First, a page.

Editor's note: We've been taking advantage of our weekday feature, "Utah People, etc.," on Sundays to introduce you to our Deseret News professionals. This week, Utah County Bureau office manager and writer Genelle Larsen profiles Robert Hood, the bureau's intern photographer.Deseret News photographer Robert Hood doesn't carry his camera, he follows it. Last week, his camera took him to the Utah Special Olympics at Brigham Young University where he was volunteer chairman of the photography committee.

As chairman, Hood organized and coordinated all the Olympics events, including a staff of volunteer photographers. Eventually, Hood's photos will be used for slide presentations, brochures and promotional pieces for the Special Olympics.

Working with children is one of Hood's favorite things to do, whether as a newspaper photographer for the Deseret News Utah County Bureau or in the capacity of coach for a local Little League team. "My favorite assignments are feature stories and anything to do with kids."

Hood is coaching 12 boys ages 9 and 10 on Ream's Little League baseball team. "Right now we are 4 and 1, and the game we lost was pretty close," he said.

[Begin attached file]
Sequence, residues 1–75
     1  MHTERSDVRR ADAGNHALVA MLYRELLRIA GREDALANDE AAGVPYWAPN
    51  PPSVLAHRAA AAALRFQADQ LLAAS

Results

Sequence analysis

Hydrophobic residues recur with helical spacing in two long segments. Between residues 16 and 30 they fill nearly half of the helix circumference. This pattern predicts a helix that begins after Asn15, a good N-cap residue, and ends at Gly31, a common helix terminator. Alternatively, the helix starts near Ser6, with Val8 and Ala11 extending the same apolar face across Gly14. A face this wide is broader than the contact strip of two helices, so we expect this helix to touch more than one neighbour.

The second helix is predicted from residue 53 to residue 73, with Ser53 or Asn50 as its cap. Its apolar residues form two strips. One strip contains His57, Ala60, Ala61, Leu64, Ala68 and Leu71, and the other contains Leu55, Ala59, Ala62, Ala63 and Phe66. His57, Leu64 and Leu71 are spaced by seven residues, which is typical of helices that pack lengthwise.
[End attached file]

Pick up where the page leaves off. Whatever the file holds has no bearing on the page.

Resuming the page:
Hood's interest in working with the boys came recently after covering a child-abuse story for the Deseret News in Orem.

"It really bothered me that that happened. I started thinking, what could I do that would have a positive effect on the world? I had coached before so I called the Little League office to see if they needed me. They did."

It was as a child himself that Hood became interested in photography. He was in the seventh grade at Midvale Junior High School when he saw a print come up in the developer for the first time. "I knew then what I wanted to do for the rest of my life," he said.

After graduating from Hillcrest High School in Salt Lake City, Hood attended Utah State University on a scholarship in fine-arts photography. He was in Logan for five years. After concentrating the first four years on fine arts he decided to return to photojournalism for his last year.

While under the tutelage of USU professor Nelson Wadsworth, Hood received an internship with Parade Magazine in New York. "Two days after graduation I was walking down Broadway in New York City," he said.

Hood's assignment was to assist Pulitzer Prize-winning photographer Eddie Adams, an experience he said was the hardest thing he has ever done.

"I learned a lot from Eddie, not just about photography, but about going the extra mile, covering all the bases and being a good coordinator."

Last August, after being home in Salt Lake City from New York two days, Hood heard about a photography internship for the Deseret News in Utah County. He checked into it, and a few days later he was working at the bureau.

Hood's internship ends in August. From there he's not quite sure where he and his camera are heading.

"I follow my camera. If it wants to go to New York, I go. If it wants to go to Provo, I go. I wonder where I will be going next?"